The Sacramento Audubon Society, Sacramento Urban Creeks Council, Save the American River Association, California Native Plant Society, Environmental Council of Sacramento, and the regional chapter of the Sierra Club in November announced formation of an umbrella group, Habitat 20/20, to jointly represent them. Collectively, they hope, they can find the resources to employ a fulltime coordinator. Each is currently all-volunteer.

TRANSITIONS

Responding to complaints about
dog show judges “who come to a ring using a
stick or two sticks, who do not have the stamina
to stand for an hour or two, with failing
eyesight, who are arthritic and have difficulty
bending down to run their hands over the
dogs,” British Kennel Club assistant secretary
Richard Burt Andrews recently asked
the organizers of about 3,000 breed shows to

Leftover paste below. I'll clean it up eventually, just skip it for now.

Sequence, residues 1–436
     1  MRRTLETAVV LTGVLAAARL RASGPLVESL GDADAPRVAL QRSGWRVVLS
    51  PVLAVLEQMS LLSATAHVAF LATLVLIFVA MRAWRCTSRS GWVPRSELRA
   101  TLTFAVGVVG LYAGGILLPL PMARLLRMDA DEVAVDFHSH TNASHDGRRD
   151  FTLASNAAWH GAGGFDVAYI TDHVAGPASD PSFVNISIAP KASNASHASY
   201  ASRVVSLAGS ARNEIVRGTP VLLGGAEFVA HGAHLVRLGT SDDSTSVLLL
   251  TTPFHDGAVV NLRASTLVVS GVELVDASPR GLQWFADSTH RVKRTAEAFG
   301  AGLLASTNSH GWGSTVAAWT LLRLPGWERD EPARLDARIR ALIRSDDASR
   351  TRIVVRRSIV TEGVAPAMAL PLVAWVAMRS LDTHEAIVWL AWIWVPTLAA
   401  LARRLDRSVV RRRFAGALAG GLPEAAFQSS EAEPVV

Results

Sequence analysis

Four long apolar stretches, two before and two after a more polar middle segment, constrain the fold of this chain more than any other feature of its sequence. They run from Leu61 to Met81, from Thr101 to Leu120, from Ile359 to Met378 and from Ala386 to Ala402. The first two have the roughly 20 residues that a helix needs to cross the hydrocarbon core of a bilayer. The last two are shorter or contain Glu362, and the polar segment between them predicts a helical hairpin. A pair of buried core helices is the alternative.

consider an “appropriate upper age limit” in
choosing judges. Responded Peggy Grayson,
77, a dog judge since 1943, “All people like
me hope is that we can drop dead when we are
judging. That would be the best way to go.
The Jane Goodall Institute i n
December relocated from Connecticut to POB
14890, Silver Spring, MD 20911-4890; telephone
301-595-0086; fax 301-595-3188; email
>>janegoodall@wcsu.ctstateu.edu<<.
The National Wildlife Federation,
downsizing, is to relocate by 2000, after selling
its 27-year-old headquarters in Fairfax
County, Virginia, to the McLean Bible
Church. The church, moving up from quarters
a fifth as large, will share the offices with